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When I was younger my sister and I would stay up really late on Christmas Eve. We would jump into our beds and place a pillow case on the end trying to stay awake for when Santa arrived. We often fell asleep around midnight and Santa would visit any time between then and 4am.

In fact, my sister and I might wake up and check and if Father Christmas had not visited we would go back to sleep.

I recently asked my mum how she did it? Now that I am a parent with Santa delivery duties, I wanted to know how things worked? Mum said she simply stayed up really late with my dad and waited for us to fall asleep.

Some children have a stocking on the mantle, in the lounge or another area, but in my family the tradition is and always has been to have a pillow case at the end of the bed.

As for my husband, his Father Christmas gifts were delivered to the lounge. John had two brothers and each sibling had a small pile of parcels wrapped up in one corner of the room.

So last year after years of Santa visiting the bedroom we decided to try things differently. Sylvia’s gifts were left in the lounge all wrapped up.

The advantage to this is that she actually slept quite a lot longer than expected. The disadvantage, I had lot’s of little things to wrap up and had to go downstairs to watch Sylvia open things, rather than her bring her pillow case into our room to open on our bed.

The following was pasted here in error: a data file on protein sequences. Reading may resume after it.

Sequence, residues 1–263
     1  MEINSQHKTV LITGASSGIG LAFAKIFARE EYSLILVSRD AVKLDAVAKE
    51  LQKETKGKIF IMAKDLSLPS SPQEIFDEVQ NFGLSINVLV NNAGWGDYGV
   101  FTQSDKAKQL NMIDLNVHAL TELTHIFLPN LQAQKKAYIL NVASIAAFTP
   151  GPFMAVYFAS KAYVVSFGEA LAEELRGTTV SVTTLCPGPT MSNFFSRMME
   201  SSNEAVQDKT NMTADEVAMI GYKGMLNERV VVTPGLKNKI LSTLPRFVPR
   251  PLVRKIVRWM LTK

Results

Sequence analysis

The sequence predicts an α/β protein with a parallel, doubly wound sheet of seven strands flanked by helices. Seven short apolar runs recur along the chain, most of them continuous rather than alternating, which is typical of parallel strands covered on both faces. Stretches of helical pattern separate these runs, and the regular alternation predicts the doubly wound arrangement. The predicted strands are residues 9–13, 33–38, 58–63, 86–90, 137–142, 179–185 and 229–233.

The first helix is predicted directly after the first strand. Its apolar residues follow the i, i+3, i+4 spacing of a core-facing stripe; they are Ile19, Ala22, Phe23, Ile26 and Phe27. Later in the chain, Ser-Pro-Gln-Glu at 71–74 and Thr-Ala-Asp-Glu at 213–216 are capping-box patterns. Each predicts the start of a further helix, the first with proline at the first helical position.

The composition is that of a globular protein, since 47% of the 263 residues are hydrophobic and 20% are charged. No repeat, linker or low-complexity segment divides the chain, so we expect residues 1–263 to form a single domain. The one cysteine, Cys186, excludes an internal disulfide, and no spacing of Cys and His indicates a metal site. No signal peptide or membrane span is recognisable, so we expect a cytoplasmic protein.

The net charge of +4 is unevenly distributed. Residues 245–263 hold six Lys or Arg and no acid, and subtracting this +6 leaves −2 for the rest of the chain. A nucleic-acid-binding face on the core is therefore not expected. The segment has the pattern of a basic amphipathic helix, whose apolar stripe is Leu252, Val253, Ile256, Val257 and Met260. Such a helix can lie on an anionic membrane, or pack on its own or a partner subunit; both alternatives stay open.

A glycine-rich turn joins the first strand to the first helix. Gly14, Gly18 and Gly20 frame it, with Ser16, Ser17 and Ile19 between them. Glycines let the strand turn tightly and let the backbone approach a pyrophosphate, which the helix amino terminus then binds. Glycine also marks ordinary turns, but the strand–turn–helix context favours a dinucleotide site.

This year we will be going back to the family tradition of the pillowcase on the bed.

I recently read some research conducted for Happy Beds which discusses why children often struggle to sleep on Christmas Eve. over 2000 parents took part in the study and it was interesting to read why children are restless the night before Christmas.



I want to see Santa                                                       32.67%

I want something from my stocking                        12.54%

I want a present from under the tree                      19.47%

I want some Christmas sweets                                  13.20%

I want some Christmas food                                      11.55%

I’m just too excited to sleep                                       36.63%

I want to see the reindeer                                           18.15%

I want to see if Santa has had his mince pie          23.76%


The research goes on to share ways parents help their children to fall asleep at such an exciting time of the year. Some of the most popular suggestions are to keep the kids active on Christmas Eve, to not give them sugary sweets and treats late at night and to reduce screen time before bed.

In fact Happy beds have created a fantastic’ Christmas Wake Up Calculator that uses the research data to show parents what time their little ones will wake on Christmas morning.

I tested out the calculator and I should be expecting my child to wake around 6.55 am. Well, that sounds much better than 4am.

wake up christmas morning

I will have to wait and see what time Sylvia wakes up but I’ll certainly be implementing some of the suggestions from “Happy Beds” to help Sylvia settle down on Christmas Eve.

Angela x